Hundreds of teachers who failed to secure new pound;2,000 "threshold" payments will be appealing against the decisions this half-term.
But they could have to wait up to seven weeks to hear whether they have won their cases or not.
Up to 90 per cent of experienced teachers are expected to have successful applications for the performance-related pound;2,000 rises. The Government is fully funding the award in England, so an extra pound;400million will go into teacher pay this school year. Many have already received the backdated payments.
One headteacher told The TES he had been seconded for 25 days, to work on 20 appeal cases. Around 50 people are being trained to do the reviews and can expect similar caseloads, meaning that as many as 1,000 appeals will take place this half-term, he said.
A Department for Education and Employment spokeswoman refused to comment on the number of appeals it expected, saying it was "early days" and that cases were still coming in.
"Each case will be reviewed by an individual review assessor who will be able to do all the hings the original threshold assessor was able to do - scrutinising evidence, and if necessary visiting the school. Reviews are expected to be completed in 70 working days," she added.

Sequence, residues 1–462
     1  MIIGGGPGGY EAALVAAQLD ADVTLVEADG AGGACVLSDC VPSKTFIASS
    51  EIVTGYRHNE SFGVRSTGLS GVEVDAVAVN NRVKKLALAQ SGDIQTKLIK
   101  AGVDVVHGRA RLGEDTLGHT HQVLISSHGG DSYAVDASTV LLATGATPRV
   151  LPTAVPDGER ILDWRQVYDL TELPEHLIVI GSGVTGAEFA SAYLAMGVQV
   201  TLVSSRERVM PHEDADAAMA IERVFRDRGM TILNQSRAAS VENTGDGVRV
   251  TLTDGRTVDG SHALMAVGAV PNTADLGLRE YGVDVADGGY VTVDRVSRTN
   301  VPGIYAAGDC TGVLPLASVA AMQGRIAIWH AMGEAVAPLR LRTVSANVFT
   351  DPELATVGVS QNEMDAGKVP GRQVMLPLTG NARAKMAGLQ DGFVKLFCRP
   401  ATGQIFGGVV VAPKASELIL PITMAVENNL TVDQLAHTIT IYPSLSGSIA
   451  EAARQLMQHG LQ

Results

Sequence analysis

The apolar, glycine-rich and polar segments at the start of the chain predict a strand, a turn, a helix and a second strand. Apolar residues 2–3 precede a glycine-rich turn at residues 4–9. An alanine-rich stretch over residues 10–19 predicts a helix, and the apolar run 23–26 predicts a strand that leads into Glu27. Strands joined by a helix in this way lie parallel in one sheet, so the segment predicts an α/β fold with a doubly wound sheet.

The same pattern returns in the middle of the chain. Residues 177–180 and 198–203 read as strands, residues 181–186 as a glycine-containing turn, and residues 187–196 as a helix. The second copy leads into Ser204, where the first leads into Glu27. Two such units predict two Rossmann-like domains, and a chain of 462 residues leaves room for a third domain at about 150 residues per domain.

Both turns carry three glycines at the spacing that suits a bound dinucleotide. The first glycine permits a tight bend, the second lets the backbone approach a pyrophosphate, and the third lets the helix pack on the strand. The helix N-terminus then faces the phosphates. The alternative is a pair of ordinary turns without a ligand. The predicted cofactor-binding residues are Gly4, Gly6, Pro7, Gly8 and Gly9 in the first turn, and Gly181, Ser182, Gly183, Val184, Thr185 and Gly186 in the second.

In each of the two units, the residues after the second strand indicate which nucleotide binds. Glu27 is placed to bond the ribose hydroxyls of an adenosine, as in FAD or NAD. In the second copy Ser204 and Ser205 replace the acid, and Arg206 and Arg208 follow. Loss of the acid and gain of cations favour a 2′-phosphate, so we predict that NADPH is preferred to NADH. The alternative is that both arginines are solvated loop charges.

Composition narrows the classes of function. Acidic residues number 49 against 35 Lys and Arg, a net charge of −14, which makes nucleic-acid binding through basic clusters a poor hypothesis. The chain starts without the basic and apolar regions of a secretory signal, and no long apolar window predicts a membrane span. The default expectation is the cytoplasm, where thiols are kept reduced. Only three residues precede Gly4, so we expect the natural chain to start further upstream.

Cambridge Education Associates has been paid around pound;12m to run the threshold assessment and appeals processes - part of a pound;24m contract which also includes providing external advisers to help governors with appraisal of their headteachers.
Just under 1,200 schools have not requested an adviser visit, even though visits should have been completed in April. The original deadline was the end of last year, but administrative delays and problems getting advisers led to an extension of the deadline.
The DFEE said schools might not request an adviser visit because of a headteacher's extended sick leave, a vacant headship, or a governing body with an acting head wanting to wait until they made a permanent appointment. Some schools have had to postpone visits because of diary clashes, while others have closed or merged with other institutions.